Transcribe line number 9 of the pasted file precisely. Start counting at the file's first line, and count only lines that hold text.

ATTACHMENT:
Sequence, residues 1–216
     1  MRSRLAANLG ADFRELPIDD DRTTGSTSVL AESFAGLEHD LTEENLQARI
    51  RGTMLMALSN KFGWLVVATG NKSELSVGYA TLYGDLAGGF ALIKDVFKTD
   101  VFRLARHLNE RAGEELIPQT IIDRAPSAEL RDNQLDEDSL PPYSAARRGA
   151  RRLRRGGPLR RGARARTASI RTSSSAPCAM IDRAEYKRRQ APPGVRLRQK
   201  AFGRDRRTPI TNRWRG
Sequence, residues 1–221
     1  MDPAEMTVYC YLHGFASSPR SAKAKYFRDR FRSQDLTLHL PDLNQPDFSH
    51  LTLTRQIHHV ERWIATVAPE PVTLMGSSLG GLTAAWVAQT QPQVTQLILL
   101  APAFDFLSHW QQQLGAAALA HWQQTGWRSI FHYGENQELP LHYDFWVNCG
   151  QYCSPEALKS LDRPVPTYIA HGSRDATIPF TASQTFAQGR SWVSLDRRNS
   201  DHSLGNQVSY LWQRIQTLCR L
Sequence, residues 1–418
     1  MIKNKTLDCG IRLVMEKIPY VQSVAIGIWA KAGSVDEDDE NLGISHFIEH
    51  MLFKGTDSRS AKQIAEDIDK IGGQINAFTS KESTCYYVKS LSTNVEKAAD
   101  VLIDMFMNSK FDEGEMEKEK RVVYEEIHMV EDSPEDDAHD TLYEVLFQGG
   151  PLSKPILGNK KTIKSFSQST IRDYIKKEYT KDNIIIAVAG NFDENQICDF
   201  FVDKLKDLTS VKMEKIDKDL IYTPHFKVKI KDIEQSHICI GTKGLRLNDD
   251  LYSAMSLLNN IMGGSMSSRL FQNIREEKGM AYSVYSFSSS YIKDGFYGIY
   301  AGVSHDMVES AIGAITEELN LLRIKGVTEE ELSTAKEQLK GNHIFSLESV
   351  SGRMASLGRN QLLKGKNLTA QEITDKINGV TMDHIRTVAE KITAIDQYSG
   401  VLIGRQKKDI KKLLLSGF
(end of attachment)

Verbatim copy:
    51  LTLTRQIHHV ERWIATVAPE PVTLMGSSLG GLTAAWVAQT QPQVTQLILL